Australia has a history of failure in Indigenous policy and addressing it must be a priority for public services.
Part of any path to success must be to ensure that Aboriginal and Torres Strait Islander people are represented at all levels of the public service, and that perspectives and knowledge are used to drive culture change.
Indigenous public servants at a joint ANZSOG and Department of the Prime Minister and Cabinet (PM&C) forum for senior Indigenous public servants in Canberra discussed the challenges of representing their communities, balancing the demands of their culture with their work, and what needs to be done to make Australia and New Zealand’s public services more inclusive of Indigenous people.
The forum was a chance for Indigenous people to lead a frank and safe discussion about their experiences, the benefits Indigenous public servants bring to public services, as well as the barriers they face.
Craig Ritchie, CEO of the Australian Institute of Aboriginal and Torres Strait Islander Studies, said public services needed to rethink how they approached recruiting Indigenous staff.
“It takes courage, particularly from the most senior levels in our departments, to take bold decisions and bold actions. We do not just need to render our system attractive to people, that’s a really passive thing to do, we need to do what the private sector does every day: identify talent, go after talent, and actively recruit bright young Indigenous people,” Mr Ritchie said.
“It’s not just making room in our official world, a little spot for Indigenous people… it’s about bringing people with skills and capabilities into our institutions and letting our institutions be changed.”
Michelle Hippolite, Chief Executive Officer of Te Puni Kōkiri in New Zealand's Ministry of Maori Development, said that Indigenous public servants needed to be change agents, not just bystanders within government.
“Maori people in the public sector bring the essence of who they are and the insight they can bring from their own experiences. It is great that we are seeing so many making the conscious choice that this is a place where they can make a difference.”
She said that policy makers needed to be wary of framing problems as “Maori problems” and entrenching stereotypes.
“Say it’s a circumstance problem, to which there are a number of Maori who experience that problem. When people have seen the circumstances, and have a bit of context about how they got there, they look at issues differently.”
The forum featured workshops and open discussions about the value of mainstreaming Indigenous services, versus specific provision and the challenges in balancing community, place and public service obligations.
Ian Hamm, Director of Economic Inclusion in Victoria’s Department of Economic Development, Jobs, Transport and Resources, said the forum was a great chance to meet with people who understand what it means to be Indigenous in the public sector.
He said that Indigenous policy needs to look beyond social problems and create a vision of what Indigenous communities could look like.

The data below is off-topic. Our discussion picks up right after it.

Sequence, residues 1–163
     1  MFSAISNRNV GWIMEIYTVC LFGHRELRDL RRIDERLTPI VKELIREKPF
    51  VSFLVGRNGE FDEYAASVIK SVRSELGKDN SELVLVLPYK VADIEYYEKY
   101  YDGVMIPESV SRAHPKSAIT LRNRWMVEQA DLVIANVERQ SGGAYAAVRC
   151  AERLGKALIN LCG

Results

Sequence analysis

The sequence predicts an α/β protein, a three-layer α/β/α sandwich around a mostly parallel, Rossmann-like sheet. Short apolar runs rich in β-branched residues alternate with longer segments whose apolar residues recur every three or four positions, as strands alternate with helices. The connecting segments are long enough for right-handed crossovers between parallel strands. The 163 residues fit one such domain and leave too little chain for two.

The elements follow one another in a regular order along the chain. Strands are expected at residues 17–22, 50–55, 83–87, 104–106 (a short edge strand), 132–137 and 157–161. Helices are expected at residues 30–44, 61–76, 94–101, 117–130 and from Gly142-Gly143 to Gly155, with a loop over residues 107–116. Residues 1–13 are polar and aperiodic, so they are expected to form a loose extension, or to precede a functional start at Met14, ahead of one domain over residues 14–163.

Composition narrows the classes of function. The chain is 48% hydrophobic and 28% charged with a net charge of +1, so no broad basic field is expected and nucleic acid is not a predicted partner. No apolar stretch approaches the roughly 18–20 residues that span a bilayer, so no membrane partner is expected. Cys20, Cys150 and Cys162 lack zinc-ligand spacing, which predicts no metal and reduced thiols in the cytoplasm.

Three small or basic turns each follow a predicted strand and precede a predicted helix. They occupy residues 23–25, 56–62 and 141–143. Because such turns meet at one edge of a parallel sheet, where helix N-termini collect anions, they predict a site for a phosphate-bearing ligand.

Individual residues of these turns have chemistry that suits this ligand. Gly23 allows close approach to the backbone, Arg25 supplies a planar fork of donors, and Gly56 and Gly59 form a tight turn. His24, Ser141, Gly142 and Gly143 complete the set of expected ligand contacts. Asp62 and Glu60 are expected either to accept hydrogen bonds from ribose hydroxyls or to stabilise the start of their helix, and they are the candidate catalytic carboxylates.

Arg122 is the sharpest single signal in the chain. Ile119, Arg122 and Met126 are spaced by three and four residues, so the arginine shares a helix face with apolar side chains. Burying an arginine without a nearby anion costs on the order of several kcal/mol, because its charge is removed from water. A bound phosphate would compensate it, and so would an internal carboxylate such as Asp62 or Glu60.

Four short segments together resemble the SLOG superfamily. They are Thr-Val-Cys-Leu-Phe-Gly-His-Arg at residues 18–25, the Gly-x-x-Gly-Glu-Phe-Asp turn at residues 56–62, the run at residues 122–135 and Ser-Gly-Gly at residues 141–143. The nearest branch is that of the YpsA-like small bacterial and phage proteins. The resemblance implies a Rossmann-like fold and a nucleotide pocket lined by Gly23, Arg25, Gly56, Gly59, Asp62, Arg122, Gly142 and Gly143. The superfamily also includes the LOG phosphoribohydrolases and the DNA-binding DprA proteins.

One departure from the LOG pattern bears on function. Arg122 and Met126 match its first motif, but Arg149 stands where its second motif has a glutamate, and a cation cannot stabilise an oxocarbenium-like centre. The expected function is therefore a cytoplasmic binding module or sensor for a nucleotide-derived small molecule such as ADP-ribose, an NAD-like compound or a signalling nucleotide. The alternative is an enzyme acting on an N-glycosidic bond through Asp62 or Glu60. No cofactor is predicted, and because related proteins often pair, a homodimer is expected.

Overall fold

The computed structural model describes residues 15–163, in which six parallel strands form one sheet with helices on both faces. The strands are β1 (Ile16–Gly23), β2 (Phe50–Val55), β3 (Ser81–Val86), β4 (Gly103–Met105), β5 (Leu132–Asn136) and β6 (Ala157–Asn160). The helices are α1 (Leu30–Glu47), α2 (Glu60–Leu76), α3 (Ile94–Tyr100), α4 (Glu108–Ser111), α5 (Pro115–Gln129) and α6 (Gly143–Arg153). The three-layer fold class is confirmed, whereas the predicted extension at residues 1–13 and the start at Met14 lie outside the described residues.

“We need to ask are we here to fix problems, or are we here to provide a future? Where do we want to get to, and how do we get there,” he said.
“The structures we’ve had since the 1967 referendum, I don’t think they have worked. We need to look at how we set up Indigenous affairs within government.”
The forum was the last of a series of events held by ANZSOG and PM&C to mark the 50th anniversary of the 1967 referendum which gave the commonwealth power over Indigenous affairs.
These included a roundtable of senior Indigenous academic administrators from across Australia’s tertiary sector, to discuss how universities can support Indigenous participation in the public sector. This was followed by a conference in October, ‘Indigenous Affairs and Public Administration: Can’t we do better?’, which brought together more than 250 public servants, academics and Indigenous community representatives from across Australia and New Zealand.
ANZSOG Dean and CEO Ken Smith, who observed the forum, said that he hoped it would be the first step in creating a network of Indigenous public servants to share knowledge and experience, and support Indigenous leadership in the public sector.
“We can’t talk about improving the public administration of Indigenous affairs without thinking about Indigenous leadership in the public sector,” he said.
“This is a critical challenge facing the public sector. It challenges the way we think about evidence, the way we design our machinery of government, and the mechanisms through which policy is translated into positive action that serves the needs of all our communities.”
The forum was held at the Crawford School of Public Policy at the Australian National University in Canberra on December 13 and 14.
It was the final event in a series run by ANZSOG and the Department of the Prime Minister and Cabinet throughout 2017. ANZSOG will hold a similar forum in the first half of next year, to build on these discussions.